Beyond the NICU: Comprehensive Care of the High-Risk Infant (Pediatrics)
- Publish Date: 2014-10-16
- Binding: Paperback
- Author: William Malcolm
Improve medical and developmental outcomes in high-risk infants with evidence-based management strategies
Beyond the NICU is the first book to deliver practical, evidence-based strategies for healthcare providers caring for the NICU graduate during convalescence and after discharge. It is a guide to the successful transition of a high-risk infant from intensive care to the intermediate-level nursery, and then, to help the child thrive outside of the hospital in a home environment.
To advance the standard of care of these vulnerable patients, Beyond the NICU draws together clinically focused guidelines to improve patient outcomes and reduce hospital readmissions. Drawing on an international team of respected authorities, Beyond the NICU provides the strategies necessary to ensure the success of convalescing NICU graduates in both inpatient and outpatient settings.Doody's Review! Score: 95/100
This is a nearly 1,000-page softcover book written by over 100 contributors on convalescent neonatal care and post-discharge care of the high-risk infant. The format is similar to other neonatal handbooks (Neonatology: Management, Procedures, On-Call Problems, Diseases, and Drugs, 7th edition, Gomella, et al. (McGraw-Hill, 2013); Manual of Neonatal Care, 7th edition, Cloherty et al. (Lippincott Williams & Wilkins, 2011)), but it emphasizes transitional care of the sick infant.
The purpose is to provide practical, evidence-based strategiesfor the NICU graduate during convalescence and after discharge. The book functions like a practical handbook for clinicians in the NICU, covering almost all aspects of neonatal care, but emphasizing convalescent care. This is an area that has not been well covered in other neonatal books, and this book meets the objectives.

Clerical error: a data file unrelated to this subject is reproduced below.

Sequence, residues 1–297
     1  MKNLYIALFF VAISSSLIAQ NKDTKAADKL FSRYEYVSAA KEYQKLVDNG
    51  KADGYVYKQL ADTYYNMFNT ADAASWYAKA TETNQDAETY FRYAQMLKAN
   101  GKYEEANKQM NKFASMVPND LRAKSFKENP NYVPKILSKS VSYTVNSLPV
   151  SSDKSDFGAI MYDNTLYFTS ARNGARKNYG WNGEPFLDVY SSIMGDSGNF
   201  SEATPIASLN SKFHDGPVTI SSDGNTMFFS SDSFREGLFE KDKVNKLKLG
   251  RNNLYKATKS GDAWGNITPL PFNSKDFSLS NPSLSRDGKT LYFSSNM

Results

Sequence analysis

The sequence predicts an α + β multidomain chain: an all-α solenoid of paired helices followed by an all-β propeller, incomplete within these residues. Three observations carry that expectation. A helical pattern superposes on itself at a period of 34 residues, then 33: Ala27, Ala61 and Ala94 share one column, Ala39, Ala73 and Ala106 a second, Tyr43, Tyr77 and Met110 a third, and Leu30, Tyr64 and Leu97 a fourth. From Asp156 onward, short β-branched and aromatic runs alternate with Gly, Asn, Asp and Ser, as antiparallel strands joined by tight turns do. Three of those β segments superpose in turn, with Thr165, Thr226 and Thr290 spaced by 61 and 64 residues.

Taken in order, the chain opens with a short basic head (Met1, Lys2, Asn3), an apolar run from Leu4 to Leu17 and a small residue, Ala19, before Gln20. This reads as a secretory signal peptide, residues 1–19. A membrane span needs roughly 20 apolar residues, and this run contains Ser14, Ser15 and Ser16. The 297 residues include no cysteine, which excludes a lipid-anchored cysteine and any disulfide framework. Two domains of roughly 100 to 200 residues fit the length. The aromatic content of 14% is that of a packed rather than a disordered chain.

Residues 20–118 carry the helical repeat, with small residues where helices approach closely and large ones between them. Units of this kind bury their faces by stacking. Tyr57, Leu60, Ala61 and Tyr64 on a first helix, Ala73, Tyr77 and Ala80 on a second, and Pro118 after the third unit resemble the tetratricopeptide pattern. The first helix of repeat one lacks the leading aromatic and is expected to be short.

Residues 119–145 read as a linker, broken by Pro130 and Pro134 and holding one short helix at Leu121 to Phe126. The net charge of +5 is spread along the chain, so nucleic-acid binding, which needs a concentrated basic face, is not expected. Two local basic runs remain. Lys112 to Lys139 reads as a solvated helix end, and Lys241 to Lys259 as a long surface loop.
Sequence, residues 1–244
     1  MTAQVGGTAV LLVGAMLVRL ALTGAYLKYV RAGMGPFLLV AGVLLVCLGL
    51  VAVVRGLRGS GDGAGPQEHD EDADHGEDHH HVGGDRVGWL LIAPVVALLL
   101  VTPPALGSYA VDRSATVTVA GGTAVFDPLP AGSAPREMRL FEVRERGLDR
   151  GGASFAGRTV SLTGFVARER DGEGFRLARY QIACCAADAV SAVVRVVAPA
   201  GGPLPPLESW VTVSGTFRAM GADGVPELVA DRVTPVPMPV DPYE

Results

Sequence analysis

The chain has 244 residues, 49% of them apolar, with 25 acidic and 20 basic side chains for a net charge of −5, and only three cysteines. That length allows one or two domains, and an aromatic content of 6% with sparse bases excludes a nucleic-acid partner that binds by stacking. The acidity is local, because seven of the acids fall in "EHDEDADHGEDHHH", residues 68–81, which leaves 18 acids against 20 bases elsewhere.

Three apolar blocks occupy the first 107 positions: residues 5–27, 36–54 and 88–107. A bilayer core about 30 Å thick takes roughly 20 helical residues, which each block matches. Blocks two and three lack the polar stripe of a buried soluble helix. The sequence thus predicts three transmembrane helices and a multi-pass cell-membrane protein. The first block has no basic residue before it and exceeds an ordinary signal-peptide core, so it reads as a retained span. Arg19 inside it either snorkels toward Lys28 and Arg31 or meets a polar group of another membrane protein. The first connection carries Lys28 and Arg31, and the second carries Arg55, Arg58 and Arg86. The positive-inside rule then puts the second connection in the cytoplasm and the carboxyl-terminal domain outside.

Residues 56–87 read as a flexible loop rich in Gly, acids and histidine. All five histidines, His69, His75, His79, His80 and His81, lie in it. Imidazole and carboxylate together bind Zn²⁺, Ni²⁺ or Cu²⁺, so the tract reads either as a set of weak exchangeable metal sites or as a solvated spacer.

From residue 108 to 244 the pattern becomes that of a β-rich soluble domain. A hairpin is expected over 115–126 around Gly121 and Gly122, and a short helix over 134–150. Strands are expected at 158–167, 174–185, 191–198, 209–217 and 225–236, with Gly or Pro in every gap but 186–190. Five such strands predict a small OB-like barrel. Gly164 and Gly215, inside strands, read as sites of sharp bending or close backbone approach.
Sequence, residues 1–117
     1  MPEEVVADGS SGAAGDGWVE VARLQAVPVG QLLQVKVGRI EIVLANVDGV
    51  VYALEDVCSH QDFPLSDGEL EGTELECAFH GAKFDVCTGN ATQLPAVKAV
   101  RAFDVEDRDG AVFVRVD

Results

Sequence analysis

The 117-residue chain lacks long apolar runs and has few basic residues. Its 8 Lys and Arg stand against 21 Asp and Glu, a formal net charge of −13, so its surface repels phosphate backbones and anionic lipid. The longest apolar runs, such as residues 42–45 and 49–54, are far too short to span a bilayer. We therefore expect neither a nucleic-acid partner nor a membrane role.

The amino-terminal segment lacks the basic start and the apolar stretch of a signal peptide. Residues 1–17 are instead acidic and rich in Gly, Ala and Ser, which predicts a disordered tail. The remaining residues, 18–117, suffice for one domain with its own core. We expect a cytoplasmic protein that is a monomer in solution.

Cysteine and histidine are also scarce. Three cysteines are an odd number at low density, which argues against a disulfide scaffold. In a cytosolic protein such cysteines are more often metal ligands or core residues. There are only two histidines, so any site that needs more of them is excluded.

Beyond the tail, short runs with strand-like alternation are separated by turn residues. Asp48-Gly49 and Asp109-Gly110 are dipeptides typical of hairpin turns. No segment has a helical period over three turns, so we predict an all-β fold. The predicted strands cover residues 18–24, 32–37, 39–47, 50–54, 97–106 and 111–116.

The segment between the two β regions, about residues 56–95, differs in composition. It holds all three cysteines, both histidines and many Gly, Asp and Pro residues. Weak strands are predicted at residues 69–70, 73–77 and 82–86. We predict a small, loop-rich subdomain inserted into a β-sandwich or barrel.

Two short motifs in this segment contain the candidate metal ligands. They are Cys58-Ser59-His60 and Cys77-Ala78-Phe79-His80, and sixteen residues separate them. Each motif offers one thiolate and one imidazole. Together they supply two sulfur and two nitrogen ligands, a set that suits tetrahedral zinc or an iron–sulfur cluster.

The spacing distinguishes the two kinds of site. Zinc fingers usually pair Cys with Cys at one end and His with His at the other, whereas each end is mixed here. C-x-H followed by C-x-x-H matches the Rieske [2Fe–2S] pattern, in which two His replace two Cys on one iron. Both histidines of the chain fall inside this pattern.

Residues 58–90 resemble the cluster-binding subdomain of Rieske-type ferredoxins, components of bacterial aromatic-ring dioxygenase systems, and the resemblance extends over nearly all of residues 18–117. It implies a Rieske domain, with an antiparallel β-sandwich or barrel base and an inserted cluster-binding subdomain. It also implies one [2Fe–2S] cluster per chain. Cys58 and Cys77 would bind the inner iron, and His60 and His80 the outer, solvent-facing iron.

The audience is NICU caregivers at all levels and of all disciplines. The book is written in outline format and emphasizes care rather than pathophysiology. The senior editor, his three consultants, and many of the contributors are recognizable names in the field.
The 51 chapters are grouped into four sections. After an introductory section which includes chapters on the role of the primary care provider for the NICU graduate, the book covers most aspects of care of preterm and term infants in the next two sections. A final section on developmental care includes chapters on early intervention and palliative care. Although the book is supposed to emphasize convalescent and post-discharge care, much of the second and third sections deals with standard early diagnosis and treatment of common neonatal issues, which adds significant length to the book. The book is at its best when it sticks to its title and emphasizes care beyond the NICU. Helpful appendixes include discharge checklists, home equipment, and even billing coding for the NICU graduate. Illustrations and tables are sparse, but some are unique and very helpful.
This is a unique neonatal book in its emphasis on convalescent and post-discharge care for the sick neonate. It should become a standard text for clinicians in this field and, as it matures in subsequent editions, should abbreviate the acute care sections and concentrate on its title.
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